How to Sell a Car Long Distance

by Owen E. Richason IV

Selling an automobile can be a difficult and frustrating process and even more so if selling it long distance. It means having to accommodate a buyer who has not had the benefit of personally inspecting the car prior to making an offer.

The seller should first put himself in a buyer's frame of mind. Have the car in sellable condition, be educated as to the make and model, know the mileage and the vehicle's fuel economy and be able to provide receipts for any repairs made to the car.

Have the car checked by a mechanic. Any issues with a car, no matter how minor, can be the difference between selling it at a premium price or a reduced price. Belts, hoses, and all systems should be checked and any problems fixed (this includes tires and windshield wipers). Additionally, any cosmetic problems (such as scratches and dents) should likewise be repaired.

Have the car vacuumed, washed, waxed, and detailed. Cars are sold on the basis of not only how they perform mechanically, but their overall condition and appearance. Take the car to your local detailer and have them ready it for sellable condition. They will vacuum the interior, wash and wax the exterior, and polish inside and out. A well-detailed car will increase a buyer's motivation.

Photograph the car. A preferable location for photographing a vehicle for sale is in a park or against settings that complement the vehicle (for instance, a truck or Jeep on a beach or in a desert setting or a luxury car in front of an upscale hotel or restaurant). Pictures should be taken of all exterior sides and the entire interior (including close-ups of the odometer).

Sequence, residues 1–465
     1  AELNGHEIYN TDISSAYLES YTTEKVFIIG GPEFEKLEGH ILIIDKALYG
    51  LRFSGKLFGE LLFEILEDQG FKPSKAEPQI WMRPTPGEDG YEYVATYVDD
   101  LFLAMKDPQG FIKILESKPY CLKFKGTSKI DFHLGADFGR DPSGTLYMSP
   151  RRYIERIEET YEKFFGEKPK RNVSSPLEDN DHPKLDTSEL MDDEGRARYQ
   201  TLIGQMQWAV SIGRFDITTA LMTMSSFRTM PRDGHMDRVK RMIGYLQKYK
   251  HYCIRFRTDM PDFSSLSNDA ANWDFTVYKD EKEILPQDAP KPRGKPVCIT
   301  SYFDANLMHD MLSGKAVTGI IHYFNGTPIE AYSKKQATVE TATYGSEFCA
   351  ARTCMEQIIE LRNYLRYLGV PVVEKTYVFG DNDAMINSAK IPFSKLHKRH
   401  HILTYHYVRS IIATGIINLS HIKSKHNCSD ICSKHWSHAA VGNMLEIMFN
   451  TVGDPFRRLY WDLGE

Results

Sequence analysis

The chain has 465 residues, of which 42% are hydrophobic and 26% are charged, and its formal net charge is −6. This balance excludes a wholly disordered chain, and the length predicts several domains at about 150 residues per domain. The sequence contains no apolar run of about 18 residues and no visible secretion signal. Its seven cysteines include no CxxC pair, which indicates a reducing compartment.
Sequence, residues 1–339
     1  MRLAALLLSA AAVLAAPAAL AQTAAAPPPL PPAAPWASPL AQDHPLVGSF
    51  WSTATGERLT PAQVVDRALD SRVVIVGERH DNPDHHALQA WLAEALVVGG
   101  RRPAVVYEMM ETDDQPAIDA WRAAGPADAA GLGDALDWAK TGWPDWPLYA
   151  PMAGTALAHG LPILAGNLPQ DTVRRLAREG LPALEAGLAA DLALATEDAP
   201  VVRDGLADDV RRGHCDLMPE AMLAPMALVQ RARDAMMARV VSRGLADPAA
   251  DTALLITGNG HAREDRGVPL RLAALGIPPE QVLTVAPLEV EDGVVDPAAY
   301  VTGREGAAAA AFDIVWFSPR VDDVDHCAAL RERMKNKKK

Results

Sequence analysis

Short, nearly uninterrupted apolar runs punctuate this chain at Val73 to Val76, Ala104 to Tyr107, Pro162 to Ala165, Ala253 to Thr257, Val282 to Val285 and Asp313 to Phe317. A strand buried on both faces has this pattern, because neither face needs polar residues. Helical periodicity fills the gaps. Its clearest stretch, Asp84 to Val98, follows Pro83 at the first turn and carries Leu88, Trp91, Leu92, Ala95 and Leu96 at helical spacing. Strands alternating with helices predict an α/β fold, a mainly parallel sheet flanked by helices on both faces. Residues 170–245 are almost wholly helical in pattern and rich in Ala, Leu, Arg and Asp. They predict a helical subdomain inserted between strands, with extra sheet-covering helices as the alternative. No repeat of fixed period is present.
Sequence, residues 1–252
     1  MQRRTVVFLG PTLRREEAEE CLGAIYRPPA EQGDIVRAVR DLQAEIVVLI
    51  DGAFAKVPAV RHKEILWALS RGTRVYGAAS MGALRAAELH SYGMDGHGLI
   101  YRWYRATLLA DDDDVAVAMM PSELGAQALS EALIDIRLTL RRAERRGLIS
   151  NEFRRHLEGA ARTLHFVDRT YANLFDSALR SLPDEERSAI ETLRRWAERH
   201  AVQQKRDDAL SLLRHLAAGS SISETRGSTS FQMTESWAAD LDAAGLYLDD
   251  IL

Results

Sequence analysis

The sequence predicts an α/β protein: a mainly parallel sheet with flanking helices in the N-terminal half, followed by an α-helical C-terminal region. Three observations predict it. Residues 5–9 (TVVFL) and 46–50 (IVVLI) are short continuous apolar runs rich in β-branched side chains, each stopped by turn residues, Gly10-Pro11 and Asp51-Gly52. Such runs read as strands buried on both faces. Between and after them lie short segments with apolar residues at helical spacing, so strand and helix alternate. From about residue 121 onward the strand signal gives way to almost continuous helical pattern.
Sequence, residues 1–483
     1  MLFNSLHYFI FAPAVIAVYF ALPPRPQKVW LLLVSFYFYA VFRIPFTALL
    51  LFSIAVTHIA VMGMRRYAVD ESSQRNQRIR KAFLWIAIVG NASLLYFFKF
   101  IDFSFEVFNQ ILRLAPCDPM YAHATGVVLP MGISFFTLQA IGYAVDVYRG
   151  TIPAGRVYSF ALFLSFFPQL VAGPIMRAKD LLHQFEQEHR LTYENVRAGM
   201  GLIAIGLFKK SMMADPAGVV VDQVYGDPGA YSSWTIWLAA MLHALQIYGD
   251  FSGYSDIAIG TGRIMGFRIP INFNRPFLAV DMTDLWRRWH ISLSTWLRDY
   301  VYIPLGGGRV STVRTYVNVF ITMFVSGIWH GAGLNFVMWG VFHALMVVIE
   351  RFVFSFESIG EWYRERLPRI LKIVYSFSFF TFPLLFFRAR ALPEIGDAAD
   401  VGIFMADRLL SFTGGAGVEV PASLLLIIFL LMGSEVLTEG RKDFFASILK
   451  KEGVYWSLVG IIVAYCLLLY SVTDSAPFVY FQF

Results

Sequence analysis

Advertise the car for sale. There are several websites that will allow you to post your car for sale ad for free and other pay-for-advertising websites (see References). Include in the ad specific information about the sale to a long distance buyer (such as having cash in hand when taking possession or allowing 10 business days for a check, money order, or cashier's check to clear or time for a bank transfer to post).

Qualify the buyer. Those buyers that are willing to travel seem like great prospects, but they may also be attempting to perpetrate a scam. Interested buyers should be able to provide your bank with a Letter of Credit before taking possession---an LOC will guarantee you are paid for the vehicle regardless of the buyer's ability to pay.

Tips

  • check Have a CarFax report available to send to potential buyers on request.
  • check Cancel any insurance on the vehicle the same day the car is delivered or the buyer takes possession so as to not be liable for any damages in the event of an accident.

Warnings

  • close Do not transfer the title until the check or the Letter of Credit has cleared your bank.
  • close The long-distance buyer should make all arrangements and payments for delivery of the car.

About the Author

Owen Richason grew up working in his family's small contracting business. He later became an outplacement consultant, then a retail business consultant. Richason is a former personal finance and business writer for "Tampa Bay Business and Financier." He now writes for various publications, websites and blogs.

Photo Credits

  • photo_camera classic car image by itsallgood from Fotolia.com